I’m sure you, like me, recognize many of those varieties in your own yard. We’re working to replace those where they exist in our yard (when practical) with native species. The natives that we have used have thrived in our yard. It is especially noticeable after the past several growing seasons with very wet springs and dry summers because the natives are doing well, even thriving, while the non-native species have either died or require much more water and maintenance throughout the dry summers particularly.
Mark your calendars now for the INPAWS Native Plant Sale on Saturday, May 11 at Park Tudor School. The Hamilton County Master Gardener Association has a great sale with lots of natives (including trees) as well on Saturday, May 18 at the Hamilton County Fairgrounds.
We are especially sick of winter this year – we have all been sick at one point or another throughout February, and we’re ready for spring to hurry up already. Grant and I have been planning and scheming up plans for our home garden, of course. We ordered some seeds (as usual) from Nature’s Crossroads, a local seed company just down the road in Bloomington. They’re offering two free packets of Siberian kale seeds with every spring order through March 15. We’re still working on our big plan, but I’ll share it here when we get things figured out.
In the meantime, we would love to have you help out with Plant a Row for the Hungry – at home and at our community gardens. We are hoping to have a small demonstration garden at Grace this year, too, that we’ll certainly need your help maintaining. In addition, Shepherd Community Center has a wonderful garden/food program, and they’re always looking for volunteers. Of course, Grace’s Choice Food Pantry could always use your help. Our Creation Care team is really ramping up, but we need your time and help.
If you want any additional information on the above, please leave a comment below!
Indianapolis Green Congregations and Epworth United Methodist Church are hosting an exciting workshop called Awakening the Dreamer: Creating an Environmentally Sustainable, Socially Just and Spiritually Fulfilling World on January 26, 2013 at Epworth UMC. It sounds like a great event and opportunity to meet like-minded people. The cost is $10 + an item to share for a potluck lunch. Childcare is also available. For more information, check here.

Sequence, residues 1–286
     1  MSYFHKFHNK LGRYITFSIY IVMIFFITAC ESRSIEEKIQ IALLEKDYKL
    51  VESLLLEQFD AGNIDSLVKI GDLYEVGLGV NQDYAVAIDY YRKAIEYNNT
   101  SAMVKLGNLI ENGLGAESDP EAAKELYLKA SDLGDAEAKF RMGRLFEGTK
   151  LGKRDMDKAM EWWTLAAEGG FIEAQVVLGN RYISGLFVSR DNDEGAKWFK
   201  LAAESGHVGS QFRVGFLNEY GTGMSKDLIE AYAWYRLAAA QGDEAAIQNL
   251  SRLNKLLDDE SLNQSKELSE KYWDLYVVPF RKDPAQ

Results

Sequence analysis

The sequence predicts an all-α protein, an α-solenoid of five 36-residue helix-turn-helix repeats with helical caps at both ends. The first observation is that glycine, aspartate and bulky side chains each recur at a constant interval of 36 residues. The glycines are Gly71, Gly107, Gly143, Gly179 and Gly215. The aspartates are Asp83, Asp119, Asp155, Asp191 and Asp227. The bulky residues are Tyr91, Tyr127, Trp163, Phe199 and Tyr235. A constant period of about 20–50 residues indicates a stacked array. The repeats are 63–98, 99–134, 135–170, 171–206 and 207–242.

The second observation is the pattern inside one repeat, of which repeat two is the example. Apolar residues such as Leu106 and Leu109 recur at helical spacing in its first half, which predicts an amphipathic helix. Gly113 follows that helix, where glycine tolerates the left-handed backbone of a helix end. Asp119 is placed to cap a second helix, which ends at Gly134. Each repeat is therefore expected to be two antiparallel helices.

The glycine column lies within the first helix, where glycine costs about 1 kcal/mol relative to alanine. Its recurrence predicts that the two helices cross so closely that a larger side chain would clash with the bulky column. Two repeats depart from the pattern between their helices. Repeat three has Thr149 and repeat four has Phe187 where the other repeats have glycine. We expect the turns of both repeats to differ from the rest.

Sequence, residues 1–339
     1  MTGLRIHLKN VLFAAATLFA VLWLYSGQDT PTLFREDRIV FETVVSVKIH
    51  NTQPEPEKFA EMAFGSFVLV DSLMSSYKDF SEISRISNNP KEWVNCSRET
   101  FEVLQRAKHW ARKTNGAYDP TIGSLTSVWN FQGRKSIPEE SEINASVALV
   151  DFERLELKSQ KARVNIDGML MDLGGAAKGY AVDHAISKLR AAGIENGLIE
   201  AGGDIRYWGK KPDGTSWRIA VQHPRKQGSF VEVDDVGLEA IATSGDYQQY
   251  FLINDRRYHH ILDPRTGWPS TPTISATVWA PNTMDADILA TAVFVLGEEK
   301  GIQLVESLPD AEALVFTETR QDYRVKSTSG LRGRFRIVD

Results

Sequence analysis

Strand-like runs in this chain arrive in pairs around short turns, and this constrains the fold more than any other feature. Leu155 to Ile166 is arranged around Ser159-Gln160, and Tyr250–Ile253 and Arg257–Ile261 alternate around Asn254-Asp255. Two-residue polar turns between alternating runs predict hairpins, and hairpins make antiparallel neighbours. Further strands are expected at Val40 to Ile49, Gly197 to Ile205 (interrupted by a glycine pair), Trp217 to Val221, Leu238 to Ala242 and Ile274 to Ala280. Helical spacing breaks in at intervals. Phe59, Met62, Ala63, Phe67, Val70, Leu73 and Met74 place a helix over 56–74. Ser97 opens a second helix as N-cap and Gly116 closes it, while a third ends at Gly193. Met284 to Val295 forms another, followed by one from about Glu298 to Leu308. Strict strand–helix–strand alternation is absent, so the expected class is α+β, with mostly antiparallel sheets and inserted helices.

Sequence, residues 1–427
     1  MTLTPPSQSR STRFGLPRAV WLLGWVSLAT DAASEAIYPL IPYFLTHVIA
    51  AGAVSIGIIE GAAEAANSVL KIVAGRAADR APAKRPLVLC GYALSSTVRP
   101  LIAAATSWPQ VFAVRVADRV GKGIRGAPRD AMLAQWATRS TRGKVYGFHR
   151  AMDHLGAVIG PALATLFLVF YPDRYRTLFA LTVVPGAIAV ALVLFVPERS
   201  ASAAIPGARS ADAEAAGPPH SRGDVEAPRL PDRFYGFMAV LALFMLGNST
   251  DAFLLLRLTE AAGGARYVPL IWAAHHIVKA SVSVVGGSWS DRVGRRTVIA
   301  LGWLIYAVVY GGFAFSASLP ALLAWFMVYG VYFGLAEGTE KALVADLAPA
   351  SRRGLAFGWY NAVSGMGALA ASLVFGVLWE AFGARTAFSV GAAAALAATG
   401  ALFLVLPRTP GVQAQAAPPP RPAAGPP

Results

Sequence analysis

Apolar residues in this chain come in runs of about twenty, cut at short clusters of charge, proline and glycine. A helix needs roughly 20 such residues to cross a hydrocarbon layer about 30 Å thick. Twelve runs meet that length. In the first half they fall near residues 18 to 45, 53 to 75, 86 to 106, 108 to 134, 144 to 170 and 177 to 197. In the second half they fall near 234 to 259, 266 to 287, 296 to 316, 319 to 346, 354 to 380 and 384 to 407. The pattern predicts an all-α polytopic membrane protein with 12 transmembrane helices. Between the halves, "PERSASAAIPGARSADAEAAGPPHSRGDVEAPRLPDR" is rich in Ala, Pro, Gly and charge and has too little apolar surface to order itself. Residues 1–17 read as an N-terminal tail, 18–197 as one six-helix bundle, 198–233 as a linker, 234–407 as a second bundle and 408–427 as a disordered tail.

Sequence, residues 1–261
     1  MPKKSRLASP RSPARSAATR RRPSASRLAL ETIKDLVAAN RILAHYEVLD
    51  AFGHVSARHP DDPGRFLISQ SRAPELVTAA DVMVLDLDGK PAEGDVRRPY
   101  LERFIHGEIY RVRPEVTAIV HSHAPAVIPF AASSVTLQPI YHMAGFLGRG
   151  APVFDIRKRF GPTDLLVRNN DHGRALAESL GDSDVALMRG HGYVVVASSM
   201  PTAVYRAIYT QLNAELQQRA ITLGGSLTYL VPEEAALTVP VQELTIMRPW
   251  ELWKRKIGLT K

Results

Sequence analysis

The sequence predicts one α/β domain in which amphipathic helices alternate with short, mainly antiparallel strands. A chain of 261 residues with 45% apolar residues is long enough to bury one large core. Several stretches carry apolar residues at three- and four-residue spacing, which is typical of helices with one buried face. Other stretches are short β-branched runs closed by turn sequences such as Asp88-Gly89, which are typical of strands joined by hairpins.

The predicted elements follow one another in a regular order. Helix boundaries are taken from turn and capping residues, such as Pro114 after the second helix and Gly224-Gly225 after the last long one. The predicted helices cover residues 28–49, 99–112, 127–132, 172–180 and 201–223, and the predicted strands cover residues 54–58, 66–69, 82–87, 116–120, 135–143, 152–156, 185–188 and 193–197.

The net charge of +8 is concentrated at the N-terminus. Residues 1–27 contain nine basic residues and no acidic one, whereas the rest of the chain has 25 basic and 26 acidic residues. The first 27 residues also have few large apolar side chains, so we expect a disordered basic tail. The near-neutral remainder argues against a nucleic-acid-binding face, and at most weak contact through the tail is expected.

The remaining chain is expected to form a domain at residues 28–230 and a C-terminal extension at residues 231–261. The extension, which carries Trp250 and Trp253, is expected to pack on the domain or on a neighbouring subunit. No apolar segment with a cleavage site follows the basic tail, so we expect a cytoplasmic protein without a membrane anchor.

Be sure and report back if you’re able to go!
Indianapolis Green Congregations is sponsoring a great event this Wednesday on climate change and its effects on health. Be sure to check it out!
What: More details and register for free here
When: Wednesday, November 14, 2012
7:00 PM – 8:30 PM
Where: First Congregational United Church of Christ
7171 N. Pennsylvania St.
This weekend at Grace, we’ll be discussing the sixth broken place: creation!
So please join us to hear what Dave Rod has to say, and then come over afterwards to the Care For Creation booth at the Frontline Expo and sign-up to help Grace tackle this huge broken place. We need you.
Service times: Saturday at 4:30, 6:15 & Sunday at 9 and 11
We found out last week that our CSA of several years, LIFE Farm, is shutting its doors. Read the details here. This year’s drought was just too much. We received our last CSA boxes last week, and they were beautiful and packed full of local goodness, as usual. LIFE’s news has reinvigorated me to not only support our local farmers, but it has challenged me to fight for local food – in our local restaurants, at our grocery stores, and at our table.
How can we better support our local farmers?
Westfield in Bloom and the Hamilton County Master Gardeners have a great (and free!) workshop series on gardening scheduled throughout 2012. Topics include vegetable gardening, backyard composting, children’s gardening, bugs, trees, and much more! Check their website for more information. I hope to attend several of these, so I’ll report back on what I learn.